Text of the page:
Det. Fortune Dane (Weathers) is a hotshot on the Washington D.C. beat. He's a former pro football player that decides to go into law enforcement. When an assassin named Warlock opens fire on everyone in an illegal gambling house with a machine gun, he didn't count on one thing: FORTUNE DANE! Dane is especially mad because Warlock murdered his midget friend Augie. Unfortunately Dane was on the premises when it happened, questioning the pit boss of the gambling house, who claims the mastermind of it all, who Warlock works for, Dexter, tried to involve him in a point-shaving scandal.
Meanwhile, in the midst of the investigation, Dane develops a relationship with big-haired D.A. Steiner (Alberta Watson). On top of all that, there is a very dramatic showdown between Dane and his elderly father. Dane was adopted and became an overachiever in order to please his father, a bank owner. Dad got in some trouble because he wouldn't accept illegal bailout money. How relevant to today.
Dane gets a suspension from the case because Internal Affairs is on his back. He ends up in "Bay City" where the Warlock chase continues. The Bay City cops don't believe he's a cop at first (probably because he's so smooth) but let him go on his merry way because they really want to take down Warlock and Dexter. What will happen next? It seems Fortune Dane was a short-lived TV series, and Vidmark video released "parts I & II" on VHS. Apparently there are five episodes, which makes sense because the tape ends with some unanswered questions! The intro is worth watching because it repeats the words "FORTUNE DANE" over and over again while Carl Weathers works out and gets dressed. Something for the ladies. It's pretty funny. It looks like an 80's workout video more than anything. Hey, it's a great name. It's funny when his young nephew, in a high, squeaky voice says "Hi Fortune!" They say the name a lot, but why not? It's fun to say.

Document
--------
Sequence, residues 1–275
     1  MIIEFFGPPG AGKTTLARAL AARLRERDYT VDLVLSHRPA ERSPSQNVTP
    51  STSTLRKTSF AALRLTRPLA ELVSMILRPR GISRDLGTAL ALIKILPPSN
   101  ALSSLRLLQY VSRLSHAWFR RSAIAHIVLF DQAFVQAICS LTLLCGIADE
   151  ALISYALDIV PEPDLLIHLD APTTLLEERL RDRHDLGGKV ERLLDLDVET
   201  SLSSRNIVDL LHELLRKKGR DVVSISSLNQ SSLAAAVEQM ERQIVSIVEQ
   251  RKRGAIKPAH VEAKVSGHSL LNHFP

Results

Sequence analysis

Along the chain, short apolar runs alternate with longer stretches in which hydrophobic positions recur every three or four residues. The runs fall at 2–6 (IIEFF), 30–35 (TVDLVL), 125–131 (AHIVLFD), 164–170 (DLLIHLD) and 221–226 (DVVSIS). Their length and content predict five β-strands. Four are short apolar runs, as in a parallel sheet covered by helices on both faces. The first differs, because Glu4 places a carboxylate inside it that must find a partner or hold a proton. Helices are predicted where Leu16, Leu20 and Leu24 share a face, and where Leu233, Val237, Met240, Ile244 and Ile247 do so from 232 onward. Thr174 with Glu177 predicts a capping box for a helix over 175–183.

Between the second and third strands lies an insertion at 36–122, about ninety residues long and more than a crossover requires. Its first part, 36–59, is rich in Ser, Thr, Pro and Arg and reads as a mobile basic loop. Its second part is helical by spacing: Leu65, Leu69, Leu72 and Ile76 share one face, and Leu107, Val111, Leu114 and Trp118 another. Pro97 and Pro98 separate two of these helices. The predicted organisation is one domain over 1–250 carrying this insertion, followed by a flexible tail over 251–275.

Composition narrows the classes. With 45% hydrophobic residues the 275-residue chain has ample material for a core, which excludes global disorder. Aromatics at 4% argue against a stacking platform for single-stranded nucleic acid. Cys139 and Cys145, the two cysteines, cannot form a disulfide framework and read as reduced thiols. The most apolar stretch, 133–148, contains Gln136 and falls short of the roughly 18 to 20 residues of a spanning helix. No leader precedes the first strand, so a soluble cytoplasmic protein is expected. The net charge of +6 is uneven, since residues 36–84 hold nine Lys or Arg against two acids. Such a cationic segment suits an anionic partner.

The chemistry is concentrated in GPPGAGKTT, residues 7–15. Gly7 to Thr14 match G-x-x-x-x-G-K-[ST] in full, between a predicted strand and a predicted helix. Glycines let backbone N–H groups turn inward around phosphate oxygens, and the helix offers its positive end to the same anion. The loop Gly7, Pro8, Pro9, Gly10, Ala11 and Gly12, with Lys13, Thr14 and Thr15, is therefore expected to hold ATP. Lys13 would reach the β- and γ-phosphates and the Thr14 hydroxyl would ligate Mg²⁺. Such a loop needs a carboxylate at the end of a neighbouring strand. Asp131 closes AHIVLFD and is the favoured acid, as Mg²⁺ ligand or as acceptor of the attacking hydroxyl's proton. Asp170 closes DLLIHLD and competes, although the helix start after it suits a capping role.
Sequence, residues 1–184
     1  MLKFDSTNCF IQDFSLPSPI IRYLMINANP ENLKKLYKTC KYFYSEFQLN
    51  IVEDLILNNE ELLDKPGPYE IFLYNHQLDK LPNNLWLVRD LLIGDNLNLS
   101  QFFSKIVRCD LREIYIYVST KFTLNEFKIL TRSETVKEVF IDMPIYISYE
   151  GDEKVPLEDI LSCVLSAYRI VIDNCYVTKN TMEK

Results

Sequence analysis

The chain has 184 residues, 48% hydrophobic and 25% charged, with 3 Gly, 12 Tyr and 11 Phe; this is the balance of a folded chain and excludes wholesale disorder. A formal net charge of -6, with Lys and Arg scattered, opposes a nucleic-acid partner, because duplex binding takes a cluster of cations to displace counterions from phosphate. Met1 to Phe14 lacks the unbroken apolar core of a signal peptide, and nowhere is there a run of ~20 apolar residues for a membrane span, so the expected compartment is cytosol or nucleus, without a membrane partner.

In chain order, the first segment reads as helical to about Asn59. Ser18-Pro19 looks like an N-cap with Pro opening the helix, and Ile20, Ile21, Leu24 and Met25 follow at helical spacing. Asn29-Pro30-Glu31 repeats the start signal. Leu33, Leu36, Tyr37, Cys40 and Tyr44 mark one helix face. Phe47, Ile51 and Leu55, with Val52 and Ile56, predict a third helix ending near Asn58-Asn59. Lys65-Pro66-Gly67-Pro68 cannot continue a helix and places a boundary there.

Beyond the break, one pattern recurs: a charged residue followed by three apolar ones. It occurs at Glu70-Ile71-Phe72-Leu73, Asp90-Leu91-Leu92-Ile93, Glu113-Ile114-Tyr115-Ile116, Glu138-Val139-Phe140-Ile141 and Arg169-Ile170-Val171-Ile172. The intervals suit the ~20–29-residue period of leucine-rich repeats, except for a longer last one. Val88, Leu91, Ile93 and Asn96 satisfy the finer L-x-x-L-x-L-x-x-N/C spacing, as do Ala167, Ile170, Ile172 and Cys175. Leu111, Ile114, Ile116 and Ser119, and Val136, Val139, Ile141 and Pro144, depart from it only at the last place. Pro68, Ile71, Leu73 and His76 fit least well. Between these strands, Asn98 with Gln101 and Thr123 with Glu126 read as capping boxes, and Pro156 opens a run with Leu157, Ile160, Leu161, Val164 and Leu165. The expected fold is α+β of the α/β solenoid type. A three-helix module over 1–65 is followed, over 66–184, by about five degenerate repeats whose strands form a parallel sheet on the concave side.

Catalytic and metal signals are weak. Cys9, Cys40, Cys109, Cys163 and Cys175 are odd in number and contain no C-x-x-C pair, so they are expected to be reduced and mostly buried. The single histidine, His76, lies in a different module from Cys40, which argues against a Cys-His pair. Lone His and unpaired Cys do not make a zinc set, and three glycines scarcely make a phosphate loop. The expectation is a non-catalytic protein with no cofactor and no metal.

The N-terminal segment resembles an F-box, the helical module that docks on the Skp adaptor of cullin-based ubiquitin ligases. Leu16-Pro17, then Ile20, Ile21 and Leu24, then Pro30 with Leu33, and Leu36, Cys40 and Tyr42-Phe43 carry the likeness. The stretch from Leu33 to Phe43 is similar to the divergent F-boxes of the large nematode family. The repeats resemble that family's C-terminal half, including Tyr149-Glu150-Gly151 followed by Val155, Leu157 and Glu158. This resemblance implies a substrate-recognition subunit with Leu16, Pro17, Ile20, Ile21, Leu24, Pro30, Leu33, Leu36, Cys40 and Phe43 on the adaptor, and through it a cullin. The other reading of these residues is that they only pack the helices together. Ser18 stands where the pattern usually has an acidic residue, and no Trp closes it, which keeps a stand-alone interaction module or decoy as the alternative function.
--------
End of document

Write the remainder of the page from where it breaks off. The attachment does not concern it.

Weathers is charming and likable as Dane. Apparently he was involved behind the scenes because Fortune Dane is a "Stormy Weathers" production. He wears a different stylish outfit in every scene. This is, in retrospect, a precursor to Action Jackson (1988).
A highlight is the sax-blaring soundtrack. Not to fear, the jazz is as smooth as Fortune himself. Practically after every scene, there is a quiet storm. Mellow.
A TV show cut down before its time, I tell ya. The question isn't why Vidmark released it, but why they only released part of it. While it isn't extreme in one direction or another and there are some run-of-the-mill moments, if you ever run across it, don't run from this great 'Dane.
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